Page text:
I know who the number one competitor is: yourself. I’m not talking about that!
This is about the competitor you can’t see, and yet is out there on every deal that you’re trying to get. The competitor you can’t see is ‘no decision’.
It’s not that they’re not buying from you because they’ll buy from somebody else, or that they’re going to stay with who they’re buying from now. They have simply chosen to not make a decision.
Let me help prevent you from becoming victim to no decision.
I’m not talking about your confidence, I’m talking about your customer’s confidence in you.
So many times when I go back and I analyze why deals didn’t happen, it’s because the customer never had confidence in the salesperson and the company they represent. I see this in every industry I work in.
If I don’t first create confidence, why in the world would a customer choose to buy from me? They’re not going to. So my focus has to be on first, creating confidence where they can see that I can provide them with an idea and I can help them understand what the problem is.
Read more about 6 Things Customers Need Before They Buy.
I have to be able to help the customer see that this is a solution and their problem is solvable. Sales is about helping others see and achieve what they didn’t think was possible. If I can’t help you do that, I didn’t do my job.
I’ve got to be able to have a deep enough conversation with you to be able to gain insight and subsequently help you understand your unique solution. Because if I don’t get deep enough (through confidence) with you in terms of understanding what the solution is, guess what? Chances are you’re going to wind up making no decision.
Value is not price.
I need to create a workable plan that’s going to help you address the issue that needs to be taken care of. It could be a pain, a gain or an optimizer. You may be protecting the downside. But the value proposition is about showing the customer that this is the right way to go.
This undermines more deals than anything else, or I should say, the lack of urgency.
The customer may have a problem. They like your solution, but if they don’t have urgency to solve it they’re not going to do anything about it. It isn’t good enough for me to present a value proposition that makes sense. I have to frame it around urgency, because if I don’t have urgency, guess what? No decision wins the day.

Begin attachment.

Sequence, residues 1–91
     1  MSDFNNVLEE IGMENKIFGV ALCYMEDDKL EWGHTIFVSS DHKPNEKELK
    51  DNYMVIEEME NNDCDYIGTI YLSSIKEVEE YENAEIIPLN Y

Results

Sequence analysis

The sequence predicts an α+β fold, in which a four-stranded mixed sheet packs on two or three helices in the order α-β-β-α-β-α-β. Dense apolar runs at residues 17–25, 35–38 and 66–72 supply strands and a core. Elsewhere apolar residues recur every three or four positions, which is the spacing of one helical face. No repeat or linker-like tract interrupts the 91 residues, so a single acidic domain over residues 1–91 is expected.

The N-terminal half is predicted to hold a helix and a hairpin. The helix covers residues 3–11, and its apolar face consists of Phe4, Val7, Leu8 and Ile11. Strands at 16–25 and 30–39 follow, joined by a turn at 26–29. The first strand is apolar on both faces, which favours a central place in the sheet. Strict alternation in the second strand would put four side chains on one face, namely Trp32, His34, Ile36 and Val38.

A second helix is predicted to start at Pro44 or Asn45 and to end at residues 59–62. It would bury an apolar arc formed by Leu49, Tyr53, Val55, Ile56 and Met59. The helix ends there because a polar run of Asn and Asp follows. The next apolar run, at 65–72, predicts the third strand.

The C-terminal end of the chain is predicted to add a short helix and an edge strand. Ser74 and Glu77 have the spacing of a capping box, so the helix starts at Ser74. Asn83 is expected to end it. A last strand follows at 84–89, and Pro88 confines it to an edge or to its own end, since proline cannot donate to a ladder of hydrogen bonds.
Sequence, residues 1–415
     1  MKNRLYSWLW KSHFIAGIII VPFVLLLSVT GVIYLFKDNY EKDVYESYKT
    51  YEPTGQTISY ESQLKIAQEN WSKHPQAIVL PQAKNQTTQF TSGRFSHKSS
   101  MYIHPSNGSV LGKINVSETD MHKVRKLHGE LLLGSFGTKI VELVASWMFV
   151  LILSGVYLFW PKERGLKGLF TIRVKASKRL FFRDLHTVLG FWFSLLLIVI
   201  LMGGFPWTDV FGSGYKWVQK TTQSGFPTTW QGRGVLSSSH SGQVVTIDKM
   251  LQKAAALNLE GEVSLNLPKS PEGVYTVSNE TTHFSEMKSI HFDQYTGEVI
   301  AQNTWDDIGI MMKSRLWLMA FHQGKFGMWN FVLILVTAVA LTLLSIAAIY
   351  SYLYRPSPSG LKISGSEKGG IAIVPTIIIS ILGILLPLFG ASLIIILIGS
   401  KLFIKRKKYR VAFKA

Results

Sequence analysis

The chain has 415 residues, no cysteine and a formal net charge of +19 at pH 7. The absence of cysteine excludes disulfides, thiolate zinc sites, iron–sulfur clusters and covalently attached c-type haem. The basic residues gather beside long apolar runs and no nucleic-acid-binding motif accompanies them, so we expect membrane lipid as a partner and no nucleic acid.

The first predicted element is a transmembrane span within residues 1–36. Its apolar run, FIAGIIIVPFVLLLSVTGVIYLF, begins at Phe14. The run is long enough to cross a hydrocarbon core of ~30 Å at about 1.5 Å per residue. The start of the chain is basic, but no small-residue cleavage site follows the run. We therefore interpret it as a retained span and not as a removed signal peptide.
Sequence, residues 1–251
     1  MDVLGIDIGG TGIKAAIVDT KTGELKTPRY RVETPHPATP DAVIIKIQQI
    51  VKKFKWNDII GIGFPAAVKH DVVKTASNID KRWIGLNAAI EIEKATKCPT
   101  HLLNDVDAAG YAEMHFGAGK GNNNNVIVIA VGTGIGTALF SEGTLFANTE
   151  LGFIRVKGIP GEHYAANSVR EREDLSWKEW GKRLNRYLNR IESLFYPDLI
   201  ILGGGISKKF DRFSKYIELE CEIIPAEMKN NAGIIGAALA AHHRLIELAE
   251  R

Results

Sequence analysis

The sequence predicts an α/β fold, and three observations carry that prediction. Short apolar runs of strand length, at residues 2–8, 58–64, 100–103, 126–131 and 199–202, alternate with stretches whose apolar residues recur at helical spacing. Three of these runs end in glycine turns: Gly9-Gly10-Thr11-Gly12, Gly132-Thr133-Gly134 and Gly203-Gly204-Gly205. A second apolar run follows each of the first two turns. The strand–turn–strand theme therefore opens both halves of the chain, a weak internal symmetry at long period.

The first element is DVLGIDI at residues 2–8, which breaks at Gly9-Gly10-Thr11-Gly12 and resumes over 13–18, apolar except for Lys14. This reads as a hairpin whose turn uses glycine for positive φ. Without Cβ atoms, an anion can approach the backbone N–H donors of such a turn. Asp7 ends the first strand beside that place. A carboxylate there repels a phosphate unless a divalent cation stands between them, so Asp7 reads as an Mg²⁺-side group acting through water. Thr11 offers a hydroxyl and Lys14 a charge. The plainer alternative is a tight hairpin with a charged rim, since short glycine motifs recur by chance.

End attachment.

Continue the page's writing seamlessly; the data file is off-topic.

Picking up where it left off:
We have some significant upgrades that we’re going to be making in my own company. And I’ve had salespeople put out great, very viable value propositions that address the solution and I’ve got confidence in them. But there’s not the urgency to be able to close them. Now, the reason there’s not the urgency to close them is because I have other things that are higher priorities.
If I can’t crack this code in terms of urgency, it’s not going to happen.
What ultimately happens is the customer says, “I’m not going to make a decision because it’s too complicated.”
I was on the phone today with a sales team chasing a deal with a Fortune 25 company. This is one of the biggest companies in the world. It’s a big deal, but they’re not getting anywhere. They’re not getting the answers that they want. And the reason is because the solution is so big and the value proposition is so complex.
The value proposition is so complex that it overpowers the urgency.
There’s a direct correlation here between urgency and simplicity. If your value proposition is urgent, but it’s not a simple solution, they can still sit there and say no. So I have to make sure I have a very simple solution.
This week on The Sales Hunter Podcast…
What’s the difference between being seen as a spammer versus a resource on LinkedIn?
How do great conversations really get started on LinkedIn?
Have you been a secret fan of The Sales Hunter Podcast? It’s time to review and let your voice be heard!
Copyright 2022, Mark Hunter “The Sales Hunter” Sales Motivation Blog. Mark Hunter is the author of A Mind for Sales and High-Profit Prospecting: Powerful Strategies to Find the Best Leads and Drive Breakthrough Sales Results.